fsdb_hfs man page on HP-UX

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fsdb_hfs(1M)							  fsdb_hfs(1M)

       fsdb_hfs: fsdb - HFS file system debugger

       special blocknum]

       Always execute the command (see fsck(1M)) after running

       The  command  can  be  used  to	patch up a damaged file system after a

   Options and Arguments
       recognizes the following options and arguments.

	      special	     The file name of the special file containing  the
			     file system.

	      Initially disable the error-checking routines
			     that  are	used  to verify the inode and fragment
			     addresses.	 See the symbol.  If used, this option
			     must follow special on the command line.

	      Use	     blocknum  as  the superblock for the file system.
			     If used, this option must follow special  on  the
			     command line.

	      Specify the HFS file system type.

	      Echo the completed command line, but perform no other action.
			     The  command  line	 is generated by incorporating
			     the user-specified options and other  information
			     derived  from  the	 file.	This option allows the
			     user to verify the command line.

       normally uses the first superblock for the file system, located at  the
       beginning  of the disk section, as the effective superblock.  An alter‐
       nate superblock can always be found at block typically block  16.   The
       option can be used to specify the superblock location.

       deals  with  the file system in terms of block fragments, which are the
       unit of addressing in the file system and the  minimum  unit  of	 space
       allocation.   To	 avoid	possible  confusion,  fragment is used to mean
       that, and block is reserved for the larger true block.  has conversions
       to  translate  fragment	numbers and i-numbers into their corresponding
       disk addresses.	Also included are mnemonic offsets to access different
       parts  of  an  inode.  These greatly simplify the process of correcting
       control block entries or descending the file system tree.

       contains several error-checking routines to verify inode	 and  fragment
       addresses.   These  can	be  disabled if necessary by invoking with the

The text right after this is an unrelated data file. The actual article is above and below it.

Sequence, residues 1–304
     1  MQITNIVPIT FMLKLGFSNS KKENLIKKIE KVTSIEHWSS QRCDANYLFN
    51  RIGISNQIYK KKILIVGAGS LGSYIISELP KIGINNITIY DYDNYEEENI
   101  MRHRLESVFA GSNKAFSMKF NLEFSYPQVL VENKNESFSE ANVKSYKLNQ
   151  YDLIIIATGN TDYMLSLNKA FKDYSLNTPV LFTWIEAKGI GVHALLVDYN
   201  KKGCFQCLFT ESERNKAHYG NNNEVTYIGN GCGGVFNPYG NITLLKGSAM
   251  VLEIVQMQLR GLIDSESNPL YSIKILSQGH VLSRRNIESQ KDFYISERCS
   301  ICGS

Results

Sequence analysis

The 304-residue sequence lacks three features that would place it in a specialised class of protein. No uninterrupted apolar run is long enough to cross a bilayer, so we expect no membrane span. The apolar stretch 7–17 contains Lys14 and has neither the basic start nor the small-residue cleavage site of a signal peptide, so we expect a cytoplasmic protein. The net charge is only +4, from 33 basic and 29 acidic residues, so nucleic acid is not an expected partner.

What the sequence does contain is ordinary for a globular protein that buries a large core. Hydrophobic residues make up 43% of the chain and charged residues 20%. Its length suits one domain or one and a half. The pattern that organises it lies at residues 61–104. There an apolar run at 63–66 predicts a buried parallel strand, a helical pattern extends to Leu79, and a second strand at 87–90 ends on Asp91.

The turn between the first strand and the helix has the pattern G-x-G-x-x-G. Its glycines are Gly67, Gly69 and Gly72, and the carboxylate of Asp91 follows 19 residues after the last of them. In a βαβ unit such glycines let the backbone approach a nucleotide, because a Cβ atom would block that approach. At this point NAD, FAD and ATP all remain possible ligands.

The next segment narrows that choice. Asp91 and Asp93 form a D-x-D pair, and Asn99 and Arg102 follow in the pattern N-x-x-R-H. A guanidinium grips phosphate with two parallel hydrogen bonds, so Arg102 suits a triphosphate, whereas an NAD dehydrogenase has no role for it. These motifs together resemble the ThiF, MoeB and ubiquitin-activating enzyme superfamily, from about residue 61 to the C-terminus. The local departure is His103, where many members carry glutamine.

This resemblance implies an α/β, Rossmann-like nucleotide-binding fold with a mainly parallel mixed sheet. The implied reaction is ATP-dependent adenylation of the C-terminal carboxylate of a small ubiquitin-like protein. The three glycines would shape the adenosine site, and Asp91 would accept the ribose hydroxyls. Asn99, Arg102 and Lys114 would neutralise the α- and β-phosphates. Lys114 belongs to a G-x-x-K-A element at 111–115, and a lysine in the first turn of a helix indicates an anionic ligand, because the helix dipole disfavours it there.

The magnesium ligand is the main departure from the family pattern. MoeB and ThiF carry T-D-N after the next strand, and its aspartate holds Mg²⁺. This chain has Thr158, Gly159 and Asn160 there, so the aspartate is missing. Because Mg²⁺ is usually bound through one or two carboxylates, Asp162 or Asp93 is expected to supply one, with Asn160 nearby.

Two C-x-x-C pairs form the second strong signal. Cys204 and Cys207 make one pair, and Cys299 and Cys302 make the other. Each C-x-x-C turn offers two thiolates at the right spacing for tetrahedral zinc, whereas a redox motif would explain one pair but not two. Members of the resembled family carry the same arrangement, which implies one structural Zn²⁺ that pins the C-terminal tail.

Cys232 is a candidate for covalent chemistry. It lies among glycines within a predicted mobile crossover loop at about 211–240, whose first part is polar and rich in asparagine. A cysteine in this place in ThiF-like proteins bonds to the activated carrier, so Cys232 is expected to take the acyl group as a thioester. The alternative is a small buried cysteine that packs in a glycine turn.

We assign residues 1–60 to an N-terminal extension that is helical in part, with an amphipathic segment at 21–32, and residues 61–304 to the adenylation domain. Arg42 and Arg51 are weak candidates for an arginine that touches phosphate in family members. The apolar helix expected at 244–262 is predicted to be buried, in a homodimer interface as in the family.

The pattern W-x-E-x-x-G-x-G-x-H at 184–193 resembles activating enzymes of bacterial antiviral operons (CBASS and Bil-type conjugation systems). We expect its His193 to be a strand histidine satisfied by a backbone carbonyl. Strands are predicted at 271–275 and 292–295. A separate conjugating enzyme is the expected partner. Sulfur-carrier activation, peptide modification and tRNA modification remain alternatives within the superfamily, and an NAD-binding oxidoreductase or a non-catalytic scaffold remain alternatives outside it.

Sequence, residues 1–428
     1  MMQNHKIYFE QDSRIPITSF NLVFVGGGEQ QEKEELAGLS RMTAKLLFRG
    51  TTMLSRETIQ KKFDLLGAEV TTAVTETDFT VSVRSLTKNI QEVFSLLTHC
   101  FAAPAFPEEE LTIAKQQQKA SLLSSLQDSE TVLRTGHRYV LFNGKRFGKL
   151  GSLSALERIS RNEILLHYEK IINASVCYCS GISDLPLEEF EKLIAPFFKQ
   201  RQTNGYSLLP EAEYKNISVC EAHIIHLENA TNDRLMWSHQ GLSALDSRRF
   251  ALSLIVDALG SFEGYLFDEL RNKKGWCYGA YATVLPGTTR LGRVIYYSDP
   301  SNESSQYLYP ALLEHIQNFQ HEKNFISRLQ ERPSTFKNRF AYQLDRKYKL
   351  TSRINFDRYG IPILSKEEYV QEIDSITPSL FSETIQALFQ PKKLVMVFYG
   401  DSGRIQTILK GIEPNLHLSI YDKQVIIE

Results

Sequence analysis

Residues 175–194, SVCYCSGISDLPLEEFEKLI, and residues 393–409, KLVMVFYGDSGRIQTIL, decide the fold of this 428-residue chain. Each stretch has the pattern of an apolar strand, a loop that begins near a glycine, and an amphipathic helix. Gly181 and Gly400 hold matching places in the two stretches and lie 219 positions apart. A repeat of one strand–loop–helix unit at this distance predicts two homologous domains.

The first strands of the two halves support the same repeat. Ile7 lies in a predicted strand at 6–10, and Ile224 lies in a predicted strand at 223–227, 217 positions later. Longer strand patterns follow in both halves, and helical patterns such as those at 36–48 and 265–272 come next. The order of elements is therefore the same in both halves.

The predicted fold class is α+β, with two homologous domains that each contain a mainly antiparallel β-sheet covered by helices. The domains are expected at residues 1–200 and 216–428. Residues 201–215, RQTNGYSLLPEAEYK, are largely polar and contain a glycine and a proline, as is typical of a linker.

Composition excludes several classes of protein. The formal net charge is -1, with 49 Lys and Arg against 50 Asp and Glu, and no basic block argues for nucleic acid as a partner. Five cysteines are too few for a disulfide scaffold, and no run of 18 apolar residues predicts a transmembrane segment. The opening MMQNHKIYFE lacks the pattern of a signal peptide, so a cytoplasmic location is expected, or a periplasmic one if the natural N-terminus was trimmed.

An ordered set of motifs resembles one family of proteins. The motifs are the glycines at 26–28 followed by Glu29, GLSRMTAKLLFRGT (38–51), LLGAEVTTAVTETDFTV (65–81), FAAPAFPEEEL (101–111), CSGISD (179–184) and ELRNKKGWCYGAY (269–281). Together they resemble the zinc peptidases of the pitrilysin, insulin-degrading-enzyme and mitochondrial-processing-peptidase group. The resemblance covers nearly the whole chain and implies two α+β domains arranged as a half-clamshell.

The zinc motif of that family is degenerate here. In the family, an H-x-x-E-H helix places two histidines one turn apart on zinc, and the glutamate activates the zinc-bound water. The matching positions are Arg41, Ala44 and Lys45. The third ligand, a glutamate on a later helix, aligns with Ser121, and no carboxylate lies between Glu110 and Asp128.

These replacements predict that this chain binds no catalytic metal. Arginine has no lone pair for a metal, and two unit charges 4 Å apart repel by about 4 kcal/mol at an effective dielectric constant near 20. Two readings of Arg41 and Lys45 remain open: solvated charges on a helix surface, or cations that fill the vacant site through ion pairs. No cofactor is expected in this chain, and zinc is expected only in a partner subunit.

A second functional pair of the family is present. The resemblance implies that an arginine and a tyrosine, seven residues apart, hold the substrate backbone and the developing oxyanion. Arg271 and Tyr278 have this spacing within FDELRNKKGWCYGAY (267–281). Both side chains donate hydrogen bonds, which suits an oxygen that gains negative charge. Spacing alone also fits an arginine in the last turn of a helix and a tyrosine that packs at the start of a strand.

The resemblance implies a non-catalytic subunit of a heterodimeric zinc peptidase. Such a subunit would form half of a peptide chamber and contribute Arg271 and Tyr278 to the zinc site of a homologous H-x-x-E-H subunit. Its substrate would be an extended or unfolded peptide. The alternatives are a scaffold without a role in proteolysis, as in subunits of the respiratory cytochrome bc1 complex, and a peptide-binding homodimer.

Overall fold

optional argument, or by using the symbol.

       Numbers are considered decimal by default.  Octal numbers must be  pre‐
       fixed  with  a  zero.  Hexadecimal numbers must be prefixed with During
       any assignment operation, numbers are checked for a possible truncation
       error due to a size mismatch between source and destination.

       reads  a	 fragment  at  a time.	A buffer management routine is used to
       retain commonly used fragments of data in order to reduce the number of
       read  system  calls.   All assignment operations result in an immediate
       write-through of the corresponding fragment.

       The following symbols are recognized by

	      Escape to shell
	      Absolute address
	      Address arithmetic
	      Address arithmetic
	      Restore an address
	      Save an address
	      Numerical assignment
	      Incremental assignment
	      Decremental assignment
	      Character string assignment
	      Convert from  fragment  number  to  disk	address	 (historically
	      Directory slot offset
	      File print facility
	      Convert from i-number to inode address;
			for continuation inodes as well as primary inodes
	      General print facility
	      Byte mode
	      Double-word mode
	      Error checking flip-flop
	      Word mode
	      Hexadecimal flip-flop

       Dots,  tabs, and spaces can be used as function delimiters, but are not
       necessary.  A line with just a newline character increments the current
       address	by  the	 size  of  the	data  type last printed.  That is, the
       address is set to the next byte, word, double word, directory entry, or
       inode, allowing the user to step through a region of a file system.

       Information  is	printed	 in a format appropriate to the data type.  If
       the toggle is off, bytes, words, and double words are  printed  in  the